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Neil Noble gravatar image
Energy

I should say that the following has come from a colleague of mine Otto Ruskulis.

A series of building materials leaflets, focused on concrete products has been produced by SKAT - the Swiss Centre for Appropriate Technology.

http://www.skat.ch/publications/prarticle.2005-09-29.1982292338/skatpublication.2009-09-30.0248134508

Practical Action also produced a brief manual on a concrete vibrating table / press and moulds and concrete product fabrication in Kenya about 15 years ago. The attached is in draftC:\fakepath\Vibrated Concrete Products.pdf and was never finalised. As the market for building materials at the time in Kenya was very depressed very few producers showed interest in buying the vibrating table and the development of the project had to be stopped.

Use of a vibrating table or plate or poker is recommended to consolidate the concrete ensuring that large air bubbles are forced out of the concrete and do not become a source of weakness. However, without the mechanical vibrator it can still be possible to get some degree of consolidation of the concrete using manual tamping with a flat plate or board and manually shaking the concrete in the mould, if the mould is not too heavy.

Moulds can be of wood, plastic or steel. Wooden moulds are usually the cheapest and can be made by any carpentry workshop. The problem with them is that they become worn very quickly, perhaps after only a few uses. Plastic moulds can be used at least 50 times and with care perhaps a few hundred times. Small-scale fabrication of plastic moulds is not really feasible and they have to be made at a specialist plastics factory or imported. Glass fibre reinforced plastic moulds may be fabricated on a smaller scale using more basic equipment. However, the epoxy resins used are hazardous to health so workers need to use proper protective clothing and equipment and be trained in their use. Steel moulds are the most durable, can last for years and be fabricated by a well-equipped local engineering or metalworking workshop, but they are also the most expensive.

There is now quite a lot of information on the internet about small-scale casting of concrete products for the homeowner or as a business opportunity. Using the following search terms together - do it yourself concrete casting mould, for example gives a number of relevant results. However, I do not have the time available to go through some pages of the entries and evaluate the information

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KnowledgePointAdmin gravatar image
RedR CCDRR

I should say that the following has come from a colleague of mine Otto Ruskulis.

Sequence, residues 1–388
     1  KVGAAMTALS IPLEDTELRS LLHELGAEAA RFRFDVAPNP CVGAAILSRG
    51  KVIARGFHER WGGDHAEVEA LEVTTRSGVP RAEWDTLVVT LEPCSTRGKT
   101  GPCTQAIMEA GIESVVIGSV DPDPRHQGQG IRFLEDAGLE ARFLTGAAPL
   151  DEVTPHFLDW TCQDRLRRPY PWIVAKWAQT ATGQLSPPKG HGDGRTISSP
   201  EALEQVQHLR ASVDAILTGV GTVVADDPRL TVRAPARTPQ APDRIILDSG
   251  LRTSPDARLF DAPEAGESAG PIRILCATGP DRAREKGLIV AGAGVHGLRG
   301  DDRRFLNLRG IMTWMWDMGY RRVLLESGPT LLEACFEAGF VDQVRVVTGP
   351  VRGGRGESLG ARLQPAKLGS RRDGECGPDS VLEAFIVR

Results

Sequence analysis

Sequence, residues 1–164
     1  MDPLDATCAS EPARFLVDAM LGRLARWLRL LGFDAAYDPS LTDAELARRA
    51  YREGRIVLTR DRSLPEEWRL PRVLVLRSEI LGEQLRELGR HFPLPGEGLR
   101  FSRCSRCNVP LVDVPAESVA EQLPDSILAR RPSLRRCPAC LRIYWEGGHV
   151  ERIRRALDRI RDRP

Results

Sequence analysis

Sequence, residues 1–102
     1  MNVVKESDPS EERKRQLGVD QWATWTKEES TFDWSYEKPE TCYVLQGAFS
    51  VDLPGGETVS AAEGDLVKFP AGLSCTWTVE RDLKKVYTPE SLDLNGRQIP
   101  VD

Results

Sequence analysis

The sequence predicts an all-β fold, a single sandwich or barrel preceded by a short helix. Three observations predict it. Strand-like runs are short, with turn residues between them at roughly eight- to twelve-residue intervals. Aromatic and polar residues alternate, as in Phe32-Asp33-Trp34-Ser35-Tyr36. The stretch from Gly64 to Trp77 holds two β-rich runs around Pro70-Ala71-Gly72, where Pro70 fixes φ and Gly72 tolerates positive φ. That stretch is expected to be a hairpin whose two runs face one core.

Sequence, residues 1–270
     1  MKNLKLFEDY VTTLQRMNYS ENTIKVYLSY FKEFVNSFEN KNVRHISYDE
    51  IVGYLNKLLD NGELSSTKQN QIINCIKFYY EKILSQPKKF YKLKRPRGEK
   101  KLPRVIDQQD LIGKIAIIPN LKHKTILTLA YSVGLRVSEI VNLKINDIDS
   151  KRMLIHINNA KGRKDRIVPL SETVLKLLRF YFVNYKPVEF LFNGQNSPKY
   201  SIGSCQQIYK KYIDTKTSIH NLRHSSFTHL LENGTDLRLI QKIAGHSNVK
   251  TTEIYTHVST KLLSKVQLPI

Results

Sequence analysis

A series of building materials leaflets, focused on concrete products has been produced by SKAT - the Swiss Centre for Appropriate Technology.

http://www.skat.ch/publications/prarticle.2005-09-29.1982292338/skatpublication.2009-09-30.0248134508

Practical Action also produced a brief manual on a concrete vibrating table / press and moulds and concrete product fabrication in Kenya about 15 years ago. The attached is in draftC:\fakepath\Vibrated Concrete Products.pdf and was never finalised. As the market for building materials at the time in Kenya was very depressed very few producers showed interest in buying the vibrating table and the development of the project had to be stopped.

Use of a vibrating table or plate or poker is recommended to consolidate the concrete ensuring that large air bubbles are forced out of the concrete and do not become a source of weakness. However, without the mechanical vibrator it can still be possible to get some degree of consolidation of the concrete using manual tamping with a flat plate or board and manually shaking the concrete in the mould, if the mould is not too heavy.

Moulds can be of wood, plastic or steel. Wooden moulds are usually the cheapest and can be made by any carpentry workshop. The problem with them is that they become worn very quickly, perhaps after only a few uses. Plastic moulds can be used at least 50 times and with care perhaps a few hundred times. Small-scale fabrication of plastic moulds is not really feasible and they have to be made at a specialist plastics factory or imported. Glass fibre reinforced plastic moulds may be fabricated on a smaller scale using more basic equipment. However, the epoxy resins used are hazardous to health so workers need to use proper protective clothing and equipment and be trained in their use. Steel moulds are the most durable, can last for years and be fabricated by a well-equipped local engineering or metalworking workshop, but they are also the most expensive.

There is now quite a lot of information on the internet about small-scale casting of concrete products for the homeowner or as a business opportunity. Using the following search terms together - do it yourself concrete casting mould, for example gives a number of relevant results. However, I do not have the time available to go through some pages of the entries and evaluate the information